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Molecular Biology of Drosophila Learning and Memory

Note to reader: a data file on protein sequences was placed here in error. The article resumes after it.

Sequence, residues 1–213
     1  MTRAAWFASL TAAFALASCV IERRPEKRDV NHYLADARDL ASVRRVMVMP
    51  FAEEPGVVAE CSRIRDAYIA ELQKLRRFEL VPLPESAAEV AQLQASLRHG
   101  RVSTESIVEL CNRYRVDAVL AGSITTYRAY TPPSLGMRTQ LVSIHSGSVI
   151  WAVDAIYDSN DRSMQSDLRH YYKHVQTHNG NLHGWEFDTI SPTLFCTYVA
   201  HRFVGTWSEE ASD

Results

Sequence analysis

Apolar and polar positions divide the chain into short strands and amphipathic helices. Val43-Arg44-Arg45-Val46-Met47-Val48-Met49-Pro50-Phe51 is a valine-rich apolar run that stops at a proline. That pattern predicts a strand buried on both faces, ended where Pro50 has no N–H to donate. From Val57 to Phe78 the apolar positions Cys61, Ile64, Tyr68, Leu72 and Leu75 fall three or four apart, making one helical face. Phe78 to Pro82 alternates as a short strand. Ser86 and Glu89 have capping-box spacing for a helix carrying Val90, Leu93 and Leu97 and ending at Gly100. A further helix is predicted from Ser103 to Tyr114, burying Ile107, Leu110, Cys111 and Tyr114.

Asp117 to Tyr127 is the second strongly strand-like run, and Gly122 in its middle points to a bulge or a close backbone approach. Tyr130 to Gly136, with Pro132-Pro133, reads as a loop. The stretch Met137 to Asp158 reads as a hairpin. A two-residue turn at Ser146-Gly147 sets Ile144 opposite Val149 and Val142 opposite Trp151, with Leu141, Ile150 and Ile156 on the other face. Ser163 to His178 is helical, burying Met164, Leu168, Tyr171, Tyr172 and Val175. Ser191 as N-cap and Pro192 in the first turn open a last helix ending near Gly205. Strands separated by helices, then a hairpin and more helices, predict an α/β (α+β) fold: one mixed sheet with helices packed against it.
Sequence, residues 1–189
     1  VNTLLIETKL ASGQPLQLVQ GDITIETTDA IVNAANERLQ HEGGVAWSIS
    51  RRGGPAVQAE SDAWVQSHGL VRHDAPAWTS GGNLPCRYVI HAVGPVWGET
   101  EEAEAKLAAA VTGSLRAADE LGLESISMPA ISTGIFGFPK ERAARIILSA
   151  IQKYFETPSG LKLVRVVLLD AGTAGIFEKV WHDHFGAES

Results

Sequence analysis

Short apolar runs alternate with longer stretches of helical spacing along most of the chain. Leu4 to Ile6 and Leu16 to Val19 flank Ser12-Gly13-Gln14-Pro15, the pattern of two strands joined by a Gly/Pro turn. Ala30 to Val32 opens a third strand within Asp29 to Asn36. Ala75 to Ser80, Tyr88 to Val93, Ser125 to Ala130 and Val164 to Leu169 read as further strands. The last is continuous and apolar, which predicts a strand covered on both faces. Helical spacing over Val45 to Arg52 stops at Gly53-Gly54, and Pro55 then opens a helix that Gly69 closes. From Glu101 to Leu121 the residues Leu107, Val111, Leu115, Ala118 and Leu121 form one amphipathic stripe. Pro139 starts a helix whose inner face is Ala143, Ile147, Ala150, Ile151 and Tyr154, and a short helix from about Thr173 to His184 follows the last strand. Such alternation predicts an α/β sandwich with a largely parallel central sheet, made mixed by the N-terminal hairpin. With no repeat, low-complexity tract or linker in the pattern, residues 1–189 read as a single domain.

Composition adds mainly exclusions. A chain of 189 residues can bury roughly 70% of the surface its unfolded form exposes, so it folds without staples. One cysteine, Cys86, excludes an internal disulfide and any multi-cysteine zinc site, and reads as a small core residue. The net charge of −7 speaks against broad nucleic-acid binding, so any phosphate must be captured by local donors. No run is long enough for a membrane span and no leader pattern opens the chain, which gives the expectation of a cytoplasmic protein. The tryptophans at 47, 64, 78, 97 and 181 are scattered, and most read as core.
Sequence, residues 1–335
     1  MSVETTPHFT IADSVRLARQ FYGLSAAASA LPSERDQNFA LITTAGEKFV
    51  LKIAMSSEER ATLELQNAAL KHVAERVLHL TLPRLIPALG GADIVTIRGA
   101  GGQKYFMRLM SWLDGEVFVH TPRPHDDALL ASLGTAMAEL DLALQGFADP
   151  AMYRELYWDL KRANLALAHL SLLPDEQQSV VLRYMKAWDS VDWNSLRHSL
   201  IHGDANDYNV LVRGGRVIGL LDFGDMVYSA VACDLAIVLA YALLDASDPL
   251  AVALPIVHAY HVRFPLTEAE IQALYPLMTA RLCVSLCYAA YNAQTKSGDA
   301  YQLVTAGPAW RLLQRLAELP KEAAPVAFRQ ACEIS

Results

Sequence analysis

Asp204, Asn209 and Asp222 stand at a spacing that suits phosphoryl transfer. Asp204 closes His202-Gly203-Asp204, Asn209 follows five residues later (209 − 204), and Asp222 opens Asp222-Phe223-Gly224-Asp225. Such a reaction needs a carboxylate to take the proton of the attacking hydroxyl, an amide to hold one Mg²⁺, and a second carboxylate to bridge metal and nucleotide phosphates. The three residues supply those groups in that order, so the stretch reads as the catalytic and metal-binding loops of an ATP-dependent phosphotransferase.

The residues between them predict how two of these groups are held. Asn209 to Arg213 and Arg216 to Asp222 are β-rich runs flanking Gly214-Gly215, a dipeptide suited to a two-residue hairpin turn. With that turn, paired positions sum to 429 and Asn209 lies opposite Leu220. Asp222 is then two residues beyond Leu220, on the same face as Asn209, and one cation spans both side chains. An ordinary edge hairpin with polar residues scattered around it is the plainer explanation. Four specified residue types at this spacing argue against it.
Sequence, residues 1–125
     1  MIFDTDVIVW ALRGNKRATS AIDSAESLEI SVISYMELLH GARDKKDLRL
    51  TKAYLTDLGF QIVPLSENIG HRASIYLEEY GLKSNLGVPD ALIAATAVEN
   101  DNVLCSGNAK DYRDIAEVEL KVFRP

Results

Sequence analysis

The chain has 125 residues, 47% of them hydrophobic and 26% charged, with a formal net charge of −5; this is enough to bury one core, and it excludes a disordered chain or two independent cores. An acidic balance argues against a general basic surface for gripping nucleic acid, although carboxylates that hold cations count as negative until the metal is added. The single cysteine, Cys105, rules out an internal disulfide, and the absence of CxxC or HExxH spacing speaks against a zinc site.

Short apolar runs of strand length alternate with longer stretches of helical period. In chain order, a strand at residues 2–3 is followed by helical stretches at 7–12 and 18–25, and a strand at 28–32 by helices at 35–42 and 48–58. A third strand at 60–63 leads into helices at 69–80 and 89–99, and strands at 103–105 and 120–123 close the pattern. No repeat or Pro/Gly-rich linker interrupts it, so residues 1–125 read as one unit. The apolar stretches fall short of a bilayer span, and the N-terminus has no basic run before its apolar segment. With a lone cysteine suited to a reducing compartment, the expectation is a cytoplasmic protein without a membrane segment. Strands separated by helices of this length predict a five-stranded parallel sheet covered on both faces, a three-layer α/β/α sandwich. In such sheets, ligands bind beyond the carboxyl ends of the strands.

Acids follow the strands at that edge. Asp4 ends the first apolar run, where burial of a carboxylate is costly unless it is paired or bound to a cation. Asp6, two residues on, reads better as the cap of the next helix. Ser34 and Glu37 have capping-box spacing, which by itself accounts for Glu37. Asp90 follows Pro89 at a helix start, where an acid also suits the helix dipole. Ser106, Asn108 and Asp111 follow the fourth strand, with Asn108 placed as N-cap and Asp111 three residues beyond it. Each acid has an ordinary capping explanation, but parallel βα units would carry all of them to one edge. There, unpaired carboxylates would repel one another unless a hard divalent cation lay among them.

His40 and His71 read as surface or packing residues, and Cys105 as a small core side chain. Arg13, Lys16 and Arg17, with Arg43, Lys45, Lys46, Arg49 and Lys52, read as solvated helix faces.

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The goal of this research is to define the molecular, cellular, and systems neuroscience that provides the basis for active forgetting. This area of learning and memory research has been overlooked and yet, there is every reason to believe that the processes underlying active forgetting are as complicated and important as learning itself and the stabilization of memories by consolidation. The research project utilizes the model system Drosophila melanogaster because of the ease with which the fly can be conditioned using olfactory cues, the numerous genetic and molecular tools available, and the ability to peer into the brain of living animals and watch the activity of different sets of neurons. The latter approach, functional cellular imaging, employs flies carrying transgenes that express reporters for calcium influx, synaptic transmission, or other neuronal events, to monitor changes in neuronal response properties among the expressing neurons before and after conditioning. Our prior studies using this technique demonstrated that dopamine neurons exhibit ongoing activity after the learning event itself and that this activity likely provides a forgetting signal to the postsynaptic mushroom body neurons. We will extend these studies in several different ways to help understand the mechanistic basis for active forgetting. There is a rich medical importance to this research given the well- documented problems of cognition associated with numerous neuropsychiatric disorders.

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